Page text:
Borrowed Holiness

By Lorena

During my recent European trip, I visited more cathedrals and churches than I care to remember. When I was touring the places, I often wished I'd had a computer to type the multiple thoughts that crossed my mind. One recurring thought was how people choose to worship those they perceive as holy, instead of imitating them.

I am not convinced that all the Roman Catholic saints were remarkable, but there must have been something about them that made people put them in a pedestal. Should Mother Theresa ever be canonized, she will be worth imitating, but most likely the masses will resort to worshipping her instead.

During my trip, in every museum and church I visited, I saw at least one if not five plus pictures of St. Jeronimo. I have no idea what he did to be regarded so highly, but it became boring after a while to see him portrayed over and over again.

He, more often than not, was painted doing penances, out in the woods by himself on his knees beating his chest with a rock. It stroke me that he was doing what most of us ex-christians did. We gave our lives completely to god. We were by-the-book kind of people. We did everything there was to do to be holy.

I wouldn't be surprised if St. Jeronimo, by the end of his days, was a closet atheist. After all, he experienced how much peace and happiness the religion does not provide. He must have known by the time he died how useless the religious rituals are.

Or perhaps he realized that religion is just the beginning of a journey to get to know ourselves. First, we need to turn to an outside presence for help. We need someone else to hear us, forgive us, tell us what to do. But as we walk the walk, we realize that it is all up to us. We get to know our strengths and abilities. We learn to think for ourselves. Our capability to listen to ourselves is greatly enhanced and we experience real spiritual awareness. The awareness of ourselves. Many call that enlightenment.

It is my belief that if Jesus did exist, he experienced enlightenment, and did not want people to worship him. His desire may have been that others found their own truth, that they became independent thinkers as he was. (He was neither perfect nor infallible. He was just a person willing to think and to share his conclusions. Many of such thoughts, I believe, were wrong).

Instead of imitating Jesus, or St. Jeronimo, or whomever, people chose to worship them. They invented fables about them, built them shrines, and came up with the idea that if they just prayed to them, they could get things the easy way, without having to do the hard work of devoting themselves to a life of study, meditation, and profound reflection.

I believe that religion is borrowed holiness from people who used their brains to arrive at their own truth (or lie). Those who take religion seriously are able to get over it, to realize that dogma can only take us so far. When borrowed beliefs can no longer answer our questions, we must start thinking for ourselves.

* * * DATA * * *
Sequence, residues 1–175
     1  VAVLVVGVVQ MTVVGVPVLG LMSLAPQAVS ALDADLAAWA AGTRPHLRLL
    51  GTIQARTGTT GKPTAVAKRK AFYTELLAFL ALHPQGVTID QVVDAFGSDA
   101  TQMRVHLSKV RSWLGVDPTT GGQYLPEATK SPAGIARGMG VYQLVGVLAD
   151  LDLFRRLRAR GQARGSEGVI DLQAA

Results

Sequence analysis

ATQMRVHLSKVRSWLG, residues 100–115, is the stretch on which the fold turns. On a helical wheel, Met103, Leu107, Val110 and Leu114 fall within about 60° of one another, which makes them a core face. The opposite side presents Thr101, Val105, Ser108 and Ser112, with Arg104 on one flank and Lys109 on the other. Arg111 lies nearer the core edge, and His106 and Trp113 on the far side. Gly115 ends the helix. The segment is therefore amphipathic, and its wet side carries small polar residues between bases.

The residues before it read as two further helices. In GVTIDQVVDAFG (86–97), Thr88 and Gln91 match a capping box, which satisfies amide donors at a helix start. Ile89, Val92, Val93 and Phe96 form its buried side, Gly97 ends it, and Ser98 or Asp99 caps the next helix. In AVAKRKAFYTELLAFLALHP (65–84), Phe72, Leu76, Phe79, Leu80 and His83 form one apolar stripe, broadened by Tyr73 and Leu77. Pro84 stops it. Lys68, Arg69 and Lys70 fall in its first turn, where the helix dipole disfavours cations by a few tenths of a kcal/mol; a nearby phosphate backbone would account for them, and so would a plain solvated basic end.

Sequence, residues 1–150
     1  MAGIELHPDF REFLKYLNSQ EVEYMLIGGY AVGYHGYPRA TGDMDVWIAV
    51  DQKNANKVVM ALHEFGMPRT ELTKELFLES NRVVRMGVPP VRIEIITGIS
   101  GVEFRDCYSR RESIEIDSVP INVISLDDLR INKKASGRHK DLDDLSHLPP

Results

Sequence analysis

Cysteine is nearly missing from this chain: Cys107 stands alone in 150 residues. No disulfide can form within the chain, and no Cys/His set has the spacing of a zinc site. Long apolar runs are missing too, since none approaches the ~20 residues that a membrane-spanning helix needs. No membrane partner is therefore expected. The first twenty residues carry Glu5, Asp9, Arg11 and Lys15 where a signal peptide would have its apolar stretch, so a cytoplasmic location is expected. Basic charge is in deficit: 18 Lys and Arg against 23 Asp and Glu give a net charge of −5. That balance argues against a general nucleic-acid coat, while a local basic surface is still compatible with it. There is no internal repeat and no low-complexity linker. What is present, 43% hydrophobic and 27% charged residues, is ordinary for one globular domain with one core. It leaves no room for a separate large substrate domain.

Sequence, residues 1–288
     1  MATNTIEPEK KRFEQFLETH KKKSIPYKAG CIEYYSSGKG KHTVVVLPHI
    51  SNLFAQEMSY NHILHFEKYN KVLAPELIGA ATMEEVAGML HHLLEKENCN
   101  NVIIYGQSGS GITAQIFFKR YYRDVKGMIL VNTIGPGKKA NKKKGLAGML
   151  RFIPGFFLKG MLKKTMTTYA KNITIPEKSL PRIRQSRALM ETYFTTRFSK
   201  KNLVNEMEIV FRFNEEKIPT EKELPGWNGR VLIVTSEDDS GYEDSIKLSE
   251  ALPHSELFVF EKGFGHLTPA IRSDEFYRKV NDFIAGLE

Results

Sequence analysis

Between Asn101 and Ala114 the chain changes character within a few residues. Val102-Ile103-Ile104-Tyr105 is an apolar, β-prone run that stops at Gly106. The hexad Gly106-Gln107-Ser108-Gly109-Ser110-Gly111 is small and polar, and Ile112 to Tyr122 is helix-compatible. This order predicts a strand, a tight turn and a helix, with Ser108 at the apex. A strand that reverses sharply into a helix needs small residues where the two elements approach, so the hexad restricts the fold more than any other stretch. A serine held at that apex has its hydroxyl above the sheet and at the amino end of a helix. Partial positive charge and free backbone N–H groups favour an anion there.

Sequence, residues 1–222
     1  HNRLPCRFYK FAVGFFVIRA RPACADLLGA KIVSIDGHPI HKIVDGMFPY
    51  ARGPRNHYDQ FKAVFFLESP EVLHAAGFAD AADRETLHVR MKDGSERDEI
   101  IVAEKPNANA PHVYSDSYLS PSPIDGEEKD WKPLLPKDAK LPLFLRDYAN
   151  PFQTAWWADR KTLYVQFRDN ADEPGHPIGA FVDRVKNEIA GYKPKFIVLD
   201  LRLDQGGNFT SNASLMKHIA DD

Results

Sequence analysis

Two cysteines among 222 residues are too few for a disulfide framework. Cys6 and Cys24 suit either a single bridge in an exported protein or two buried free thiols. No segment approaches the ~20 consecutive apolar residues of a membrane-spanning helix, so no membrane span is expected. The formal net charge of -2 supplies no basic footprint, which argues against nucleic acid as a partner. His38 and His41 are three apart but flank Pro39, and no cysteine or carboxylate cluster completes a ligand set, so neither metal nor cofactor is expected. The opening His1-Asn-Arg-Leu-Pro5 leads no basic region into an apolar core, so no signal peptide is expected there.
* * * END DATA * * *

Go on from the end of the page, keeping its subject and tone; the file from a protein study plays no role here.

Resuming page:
The weekend-religious, however, are stuck at the beginning of the journey, and must rely on other people's opinions and holiness to have any kind of personal identity. They are too lazy to spend time developing their own philosophy of life. They believe anything that a smart-looking guy on a suit preaches at them in church. So it isn't a matter of intelligence. It is about having the resoluteness to investigate our beliefs and to disregard those that are found faulty.

I think I stayed in church for as long as I did because I was too lazy to do the hard work. People who looked smart and sure of themselves told me that, if I just prayed enough and read the bible a lot, all my problems would go away. For many years, I believed what I was told, and I repeated it as well. When people had problems I parroted, "You must pray about it," but I seldom did it myself. I didn't know whether the magic formulas I was given worked, because I inconsistently tried them.

One day, tired of always being in trouble, I decided to read the bible and pray every day. I did it daily for two years. My prayer time, which I now realize was all self-talk, was really good. It was during those times that from the depths of my soul I started to believe that rejecting gay people was wrong. I started to figure out that wronging others in the name of god was awful. Many of the things I heard from "the holy spirit" were against what I read in the bible.

The bible reading started to show inconsistencies and brutalities that I never noticed before. And so started my journey out of the christian religion.

It was until I stopped borrowing holiness from others to pursue my own that I was able to leave the christian cult. So when I meet aggressive christians, I invite them to read their bible a lot and to pray often, for I know that is the sure way out of christianity.

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